Gam­bia op­po­si­tion to field One pres­i­den­tial can­di­date

Kuwait Times - - INTERNATIONAL -

The Gam­bia’s op­po­si­tion par­ties an­nounced Fri­day they would unite around a sin­gle can­di­date for De­cem­ber’s pres­i­den­tial elec­tion, in an un­usual show of unity as Pres­i­dent Yahya Jam­meh seeks a fifth term in power. At a meet­ing in Banjul, the groups agreed to pick a sin­gle con­tender at a con­ven­tion on Oc­to­ber 30, just weeks ahead of the elec­tion slated for De­cem­ber 1.

The sig­na­to­ries of the mem­o­ran­dum said they were “putting our dif­fer­ences aside, in pur­suance of the supreme na­tional in­ter­est”, with the aim of oust­ing Jam­meh from power. They in­cluded the United Demo­cratic Party (UDP) — the coun­try’s prin­ci­pal op­po­si­tion move­ment-along with sev­eral smaller group­ings and the Gam­bia’s first ever fe­male pres­i­den­tial can­di­date, de­vel­op­ment ex­pert and women’s rights cam­paigner Isatou Touray. Jam­meh came to power in a 1994 coup, and has ruled The Gam­bia with an iron fist ever since.

Be­fore the na­tion’s last pres­i­den­tial vote in 2011, the 15-na­tion Eco­nomic Com­mu­nity of West African States (ECOWAS) said Jam­meh’s con­trol of the me­dia and in­tim­i­da­tion of vot­ers meant the elec­tion could not be free and fair. The strong­man took 73 per­cent of the vote. The Gam­bia’s newly ap­pointed In­de­pen­dent Elec­toral Com­mis­sion as­sured po­lit­i­cal par­ties last month the vote would not be rigged, de­spite fears that an op­po­si­tion crack­down is al­ready un­der­way.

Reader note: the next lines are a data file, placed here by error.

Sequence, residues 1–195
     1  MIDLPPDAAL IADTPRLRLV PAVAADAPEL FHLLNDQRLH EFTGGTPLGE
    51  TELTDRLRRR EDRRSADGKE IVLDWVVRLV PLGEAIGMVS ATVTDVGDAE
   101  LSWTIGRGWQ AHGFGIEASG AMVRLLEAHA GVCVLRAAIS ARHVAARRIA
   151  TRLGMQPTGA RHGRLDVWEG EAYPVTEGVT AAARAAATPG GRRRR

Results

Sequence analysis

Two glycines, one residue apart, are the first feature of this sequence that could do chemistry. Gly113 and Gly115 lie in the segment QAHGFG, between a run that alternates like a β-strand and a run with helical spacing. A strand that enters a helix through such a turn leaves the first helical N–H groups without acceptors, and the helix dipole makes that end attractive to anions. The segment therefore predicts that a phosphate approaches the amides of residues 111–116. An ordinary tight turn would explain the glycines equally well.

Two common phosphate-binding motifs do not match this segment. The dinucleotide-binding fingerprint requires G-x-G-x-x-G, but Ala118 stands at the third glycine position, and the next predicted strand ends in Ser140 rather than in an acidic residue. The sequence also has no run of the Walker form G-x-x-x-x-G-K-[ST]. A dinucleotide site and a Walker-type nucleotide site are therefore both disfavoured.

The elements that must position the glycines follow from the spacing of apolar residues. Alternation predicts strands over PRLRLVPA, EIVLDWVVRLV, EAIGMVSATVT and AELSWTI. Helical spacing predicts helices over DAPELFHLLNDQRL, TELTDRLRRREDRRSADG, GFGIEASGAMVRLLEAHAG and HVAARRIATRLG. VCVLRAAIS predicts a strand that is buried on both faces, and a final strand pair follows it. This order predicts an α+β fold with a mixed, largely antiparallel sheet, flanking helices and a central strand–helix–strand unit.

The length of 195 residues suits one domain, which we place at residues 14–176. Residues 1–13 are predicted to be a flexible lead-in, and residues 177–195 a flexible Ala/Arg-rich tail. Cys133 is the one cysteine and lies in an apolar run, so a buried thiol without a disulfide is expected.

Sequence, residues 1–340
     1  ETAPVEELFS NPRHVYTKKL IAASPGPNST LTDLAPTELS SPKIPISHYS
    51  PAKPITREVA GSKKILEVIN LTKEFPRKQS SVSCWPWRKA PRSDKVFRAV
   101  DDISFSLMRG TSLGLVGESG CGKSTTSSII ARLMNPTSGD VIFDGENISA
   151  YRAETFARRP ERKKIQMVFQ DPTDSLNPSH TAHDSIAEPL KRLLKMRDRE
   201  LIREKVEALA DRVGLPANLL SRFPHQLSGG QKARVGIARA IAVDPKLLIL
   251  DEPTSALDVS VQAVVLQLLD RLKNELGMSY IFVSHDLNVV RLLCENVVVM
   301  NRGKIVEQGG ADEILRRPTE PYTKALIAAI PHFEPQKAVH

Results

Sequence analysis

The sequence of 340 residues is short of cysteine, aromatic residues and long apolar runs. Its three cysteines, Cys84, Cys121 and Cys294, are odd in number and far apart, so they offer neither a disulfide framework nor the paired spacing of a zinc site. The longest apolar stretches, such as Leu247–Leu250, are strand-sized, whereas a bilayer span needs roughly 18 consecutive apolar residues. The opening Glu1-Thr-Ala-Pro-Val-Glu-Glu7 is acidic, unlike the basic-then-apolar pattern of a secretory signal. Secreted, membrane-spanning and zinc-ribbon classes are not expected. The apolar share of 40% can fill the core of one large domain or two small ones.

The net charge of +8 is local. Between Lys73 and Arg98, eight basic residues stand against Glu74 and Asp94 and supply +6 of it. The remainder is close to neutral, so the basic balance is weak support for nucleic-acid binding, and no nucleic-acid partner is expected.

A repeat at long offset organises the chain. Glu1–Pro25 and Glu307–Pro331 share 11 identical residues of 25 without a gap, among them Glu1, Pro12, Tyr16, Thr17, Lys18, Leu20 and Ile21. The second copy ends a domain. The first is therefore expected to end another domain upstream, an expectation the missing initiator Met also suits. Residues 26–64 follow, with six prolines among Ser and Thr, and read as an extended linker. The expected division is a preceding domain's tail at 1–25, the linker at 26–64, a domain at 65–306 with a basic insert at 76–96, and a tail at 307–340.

Com­mis­sioner Alieu Mo­mar Njie told re­porters in Banjul: “The stakes may be high, and temp­ta­tion may be great to achieve vic­tory through il­le­gal or morally ques­tion­able means in some coun­tries. “I stand here to­day to pro­nounce to you that, as far as our con­certed ef­forts are in play, this will never be the case in our dear coun­try.” UDP party leader Ou­sainou Dar­boe-the run­ner-up in 2011 — is among sev­eral op­po­si­tion fig­ures serv­ing three-year sen­tences for or­ga­niz­ing a peace­ful rally over two party mem­bers’ deaths in cus­tody.

The UN, France, the US and hu­man rights watch­dogs have all voiced con­cern over the deaths and called for an in­de­pen­dent probe. Cam­paign­ing for the elec­tion be­gins on Novem­ber 16. Since in­de­pen­dence from Bri­tain in 1965, the Gam­bia has had just one other leader: Dawda Jawara, who served un­til the cur­rent pres­i­dent top­pled him in the 1994 coup. —AFP

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